There’s been a lot of speculation about what’s coming next from Apple, specifically the possibility of a smaller version of the iPad.
SAN FRANCISCO -- The reports of an iPad Mini by analysts, bloggers, reporters and other Apple watchers, typically quote unnamed sources in the supply chain. The expectation is that such a device, sporting a 7.85-inch display, would be released this fall and compete with other lower cost smaller tablets such as Amazon’s Kindle Fire and Google’s recently released Nexus 7.
Gartner VP of consumer devices Carolina Milanesi readily admits she doesn’t know exactly what Apple will release or when, but she says even if the supply chain reports are true that Apple’s ramping up manufacture of a smaller device, it doesn’t necessarily mean it’s an iPad Mini.
“My theory is that Apple could introduce a smaller tablet but call it an iPod Touch,” said Milanesi. “That way they can keep the iPad brand separate and still say a 7-inch design isn’t good enough for a tablet.”
Milanesi was one of several speakers at a media event here on the topic of tablets in the enterprise sponsored by Logitech. Other speakers in the open-ended discussion included corporate managers in charge of purchasing or managing tablets and computer resellers.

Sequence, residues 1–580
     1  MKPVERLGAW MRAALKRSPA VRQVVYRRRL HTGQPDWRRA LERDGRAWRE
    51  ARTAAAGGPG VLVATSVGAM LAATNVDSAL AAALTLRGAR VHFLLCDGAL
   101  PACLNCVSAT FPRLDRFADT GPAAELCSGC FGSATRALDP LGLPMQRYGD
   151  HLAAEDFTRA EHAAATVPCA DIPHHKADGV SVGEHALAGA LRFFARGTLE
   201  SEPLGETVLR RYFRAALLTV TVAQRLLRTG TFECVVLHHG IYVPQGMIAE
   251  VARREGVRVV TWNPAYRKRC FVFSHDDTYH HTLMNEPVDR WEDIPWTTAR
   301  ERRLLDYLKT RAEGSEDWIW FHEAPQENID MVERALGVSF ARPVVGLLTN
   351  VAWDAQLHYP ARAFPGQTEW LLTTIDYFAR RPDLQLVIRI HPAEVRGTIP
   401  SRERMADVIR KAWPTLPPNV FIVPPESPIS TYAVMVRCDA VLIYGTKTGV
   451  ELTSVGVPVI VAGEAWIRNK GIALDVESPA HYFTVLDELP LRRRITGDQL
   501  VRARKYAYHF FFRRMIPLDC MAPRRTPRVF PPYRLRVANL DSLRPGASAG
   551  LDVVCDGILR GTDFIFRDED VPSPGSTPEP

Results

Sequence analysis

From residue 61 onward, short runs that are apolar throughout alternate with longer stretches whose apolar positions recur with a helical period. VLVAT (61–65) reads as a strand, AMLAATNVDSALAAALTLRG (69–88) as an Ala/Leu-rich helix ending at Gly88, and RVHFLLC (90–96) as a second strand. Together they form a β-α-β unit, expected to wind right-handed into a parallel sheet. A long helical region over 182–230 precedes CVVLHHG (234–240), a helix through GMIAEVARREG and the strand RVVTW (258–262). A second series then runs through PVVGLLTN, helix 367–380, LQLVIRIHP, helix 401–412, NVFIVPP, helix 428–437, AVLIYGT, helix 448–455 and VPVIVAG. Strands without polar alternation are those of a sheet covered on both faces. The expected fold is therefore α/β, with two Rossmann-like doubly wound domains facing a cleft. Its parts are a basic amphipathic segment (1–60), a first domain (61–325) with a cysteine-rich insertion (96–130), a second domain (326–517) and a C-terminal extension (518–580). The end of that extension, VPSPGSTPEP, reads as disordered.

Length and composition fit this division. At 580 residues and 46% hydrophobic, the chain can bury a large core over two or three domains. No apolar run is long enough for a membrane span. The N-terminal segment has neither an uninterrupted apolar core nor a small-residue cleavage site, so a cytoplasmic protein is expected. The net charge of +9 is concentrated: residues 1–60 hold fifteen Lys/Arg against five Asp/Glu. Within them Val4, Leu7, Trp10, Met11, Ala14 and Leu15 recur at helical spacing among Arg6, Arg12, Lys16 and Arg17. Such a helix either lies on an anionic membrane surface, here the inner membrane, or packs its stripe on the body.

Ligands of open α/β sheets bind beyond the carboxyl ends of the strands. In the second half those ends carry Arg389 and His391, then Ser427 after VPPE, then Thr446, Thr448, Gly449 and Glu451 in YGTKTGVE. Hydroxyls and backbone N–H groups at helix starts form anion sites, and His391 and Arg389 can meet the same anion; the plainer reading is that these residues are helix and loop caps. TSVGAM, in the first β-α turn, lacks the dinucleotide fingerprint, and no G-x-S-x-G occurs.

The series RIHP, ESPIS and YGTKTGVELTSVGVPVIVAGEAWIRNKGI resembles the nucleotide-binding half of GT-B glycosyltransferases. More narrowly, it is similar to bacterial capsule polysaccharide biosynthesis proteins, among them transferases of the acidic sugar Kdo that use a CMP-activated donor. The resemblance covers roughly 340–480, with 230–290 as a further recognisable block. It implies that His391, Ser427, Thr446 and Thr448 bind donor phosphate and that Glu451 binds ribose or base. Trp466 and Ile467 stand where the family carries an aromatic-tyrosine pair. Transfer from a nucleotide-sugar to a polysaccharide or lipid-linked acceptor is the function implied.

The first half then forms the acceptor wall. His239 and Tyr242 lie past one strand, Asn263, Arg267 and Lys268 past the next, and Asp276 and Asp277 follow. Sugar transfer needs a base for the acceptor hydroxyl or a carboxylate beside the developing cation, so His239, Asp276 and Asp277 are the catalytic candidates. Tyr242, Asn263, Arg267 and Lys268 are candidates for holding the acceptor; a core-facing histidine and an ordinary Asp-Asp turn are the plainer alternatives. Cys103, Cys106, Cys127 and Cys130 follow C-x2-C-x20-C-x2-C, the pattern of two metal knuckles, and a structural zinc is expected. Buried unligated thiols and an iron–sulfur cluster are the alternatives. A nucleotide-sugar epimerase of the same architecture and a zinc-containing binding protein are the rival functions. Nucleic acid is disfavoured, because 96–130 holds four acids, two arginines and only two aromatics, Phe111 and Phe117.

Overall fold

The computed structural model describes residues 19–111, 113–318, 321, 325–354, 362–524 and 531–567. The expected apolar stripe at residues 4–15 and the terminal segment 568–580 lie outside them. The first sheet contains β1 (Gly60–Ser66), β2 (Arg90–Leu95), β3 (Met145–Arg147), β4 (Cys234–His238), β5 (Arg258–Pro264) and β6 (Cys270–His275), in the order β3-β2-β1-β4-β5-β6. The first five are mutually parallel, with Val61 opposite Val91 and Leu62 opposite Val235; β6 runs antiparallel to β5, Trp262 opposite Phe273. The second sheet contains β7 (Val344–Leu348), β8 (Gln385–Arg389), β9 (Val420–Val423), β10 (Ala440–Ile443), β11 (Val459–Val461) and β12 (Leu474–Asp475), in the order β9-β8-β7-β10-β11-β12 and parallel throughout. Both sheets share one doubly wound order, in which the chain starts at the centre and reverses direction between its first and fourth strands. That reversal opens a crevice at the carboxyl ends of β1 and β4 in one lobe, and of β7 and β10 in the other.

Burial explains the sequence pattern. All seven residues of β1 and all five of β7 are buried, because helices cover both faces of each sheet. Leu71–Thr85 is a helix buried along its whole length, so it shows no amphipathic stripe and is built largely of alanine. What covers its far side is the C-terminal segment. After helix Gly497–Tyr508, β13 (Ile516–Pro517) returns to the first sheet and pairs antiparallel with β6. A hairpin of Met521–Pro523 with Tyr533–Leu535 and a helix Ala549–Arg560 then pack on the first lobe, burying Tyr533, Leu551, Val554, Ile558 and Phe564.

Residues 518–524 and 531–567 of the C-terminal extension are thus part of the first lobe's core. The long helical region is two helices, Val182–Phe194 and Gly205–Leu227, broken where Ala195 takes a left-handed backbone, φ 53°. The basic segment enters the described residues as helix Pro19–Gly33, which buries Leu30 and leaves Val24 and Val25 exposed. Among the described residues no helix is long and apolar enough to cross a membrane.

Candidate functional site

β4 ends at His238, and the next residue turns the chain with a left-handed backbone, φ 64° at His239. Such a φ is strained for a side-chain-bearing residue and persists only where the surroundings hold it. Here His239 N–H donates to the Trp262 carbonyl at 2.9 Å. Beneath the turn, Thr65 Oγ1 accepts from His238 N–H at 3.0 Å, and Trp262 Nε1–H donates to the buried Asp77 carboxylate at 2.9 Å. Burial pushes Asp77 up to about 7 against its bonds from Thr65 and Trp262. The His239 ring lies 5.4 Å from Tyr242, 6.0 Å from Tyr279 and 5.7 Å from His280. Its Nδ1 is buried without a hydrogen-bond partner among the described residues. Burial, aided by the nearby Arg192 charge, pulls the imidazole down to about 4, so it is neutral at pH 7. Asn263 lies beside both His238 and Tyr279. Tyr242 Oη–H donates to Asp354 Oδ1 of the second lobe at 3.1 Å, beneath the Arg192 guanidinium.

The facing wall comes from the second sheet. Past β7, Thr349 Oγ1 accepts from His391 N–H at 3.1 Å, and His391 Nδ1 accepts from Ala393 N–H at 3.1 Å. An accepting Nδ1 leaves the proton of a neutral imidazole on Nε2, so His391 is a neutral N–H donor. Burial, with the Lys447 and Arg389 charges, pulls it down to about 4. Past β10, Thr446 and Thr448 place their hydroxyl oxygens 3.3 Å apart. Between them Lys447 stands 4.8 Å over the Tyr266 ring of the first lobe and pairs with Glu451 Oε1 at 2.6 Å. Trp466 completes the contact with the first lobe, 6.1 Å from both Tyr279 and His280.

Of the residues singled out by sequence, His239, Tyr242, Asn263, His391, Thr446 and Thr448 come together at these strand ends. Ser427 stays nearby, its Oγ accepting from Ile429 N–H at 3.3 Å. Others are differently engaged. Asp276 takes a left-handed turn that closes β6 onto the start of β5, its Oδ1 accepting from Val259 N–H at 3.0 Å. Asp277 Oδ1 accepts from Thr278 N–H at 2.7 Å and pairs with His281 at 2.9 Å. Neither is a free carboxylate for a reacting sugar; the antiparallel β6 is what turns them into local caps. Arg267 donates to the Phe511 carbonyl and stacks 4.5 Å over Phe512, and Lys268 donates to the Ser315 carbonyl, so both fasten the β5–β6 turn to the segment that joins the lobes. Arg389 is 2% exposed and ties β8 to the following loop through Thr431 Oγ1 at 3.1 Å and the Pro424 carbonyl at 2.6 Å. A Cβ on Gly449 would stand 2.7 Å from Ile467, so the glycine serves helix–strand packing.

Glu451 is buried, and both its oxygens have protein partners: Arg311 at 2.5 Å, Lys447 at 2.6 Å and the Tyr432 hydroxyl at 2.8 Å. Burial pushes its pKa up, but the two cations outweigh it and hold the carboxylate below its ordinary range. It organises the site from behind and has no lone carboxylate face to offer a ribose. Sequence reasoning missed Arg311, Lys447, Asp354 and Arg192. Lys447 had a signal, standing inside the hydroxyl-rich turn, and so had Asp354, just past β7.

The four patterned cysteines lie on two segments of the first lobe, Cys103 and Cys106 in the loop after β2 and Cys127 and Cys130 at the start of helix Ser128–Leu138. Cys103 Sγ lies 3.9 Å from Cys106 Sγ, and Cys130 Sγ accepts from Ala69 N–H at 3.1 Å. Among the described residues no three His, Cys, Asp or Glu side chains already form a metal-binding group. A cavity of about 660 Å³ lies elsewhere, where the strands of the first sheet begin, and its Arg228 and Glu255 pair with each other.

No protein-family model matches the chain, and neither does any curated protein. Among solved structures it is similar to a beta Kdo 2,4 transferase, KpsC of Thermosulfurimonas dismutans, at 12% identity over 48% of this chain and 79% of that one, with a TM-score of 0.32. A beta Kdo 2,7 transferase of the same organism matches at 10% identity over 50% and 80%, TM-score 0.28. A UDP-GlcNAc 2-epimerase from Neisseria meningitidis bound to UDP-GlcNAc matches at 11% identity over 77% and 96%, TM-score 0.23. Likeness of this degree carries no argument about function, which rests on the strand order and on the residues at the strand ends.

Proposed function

Speakers agreed that 7-inch tablets can succeed, but primarily as consumption devices, not for content creation.
Death of the phablet?
Eric Kintz, VP and General Manager of Logitech for Business, says he’s seeing huge interest among corporate clients for replacing fancy desktop IP phones with tablets for calling and even video conferencing. Kintz says he himself has transitioned to the iPad as his do everything device, taking it when he travels instead of a laptop. Logitech makes accessories for the iPad including keyboards and covers.
Milanesi agreed tablets could start to replace desktop phones as workers get increasingly mobile and need one device to stay connected.
As for the 7-inch tablets, she expects them to be increasingly popular for consumers which could impact sales of bigger smartphones and so-called “phablets,” the bigger smartphones with touchscreen tablet features.
“If 7-inch devices take off, you can expect the push of 4- and 5-inch smartphones to die out,” she said. Why? Because a more portable tablet can do everything a smartphone can, so there’d be little incentive to carry a large smartphone as well.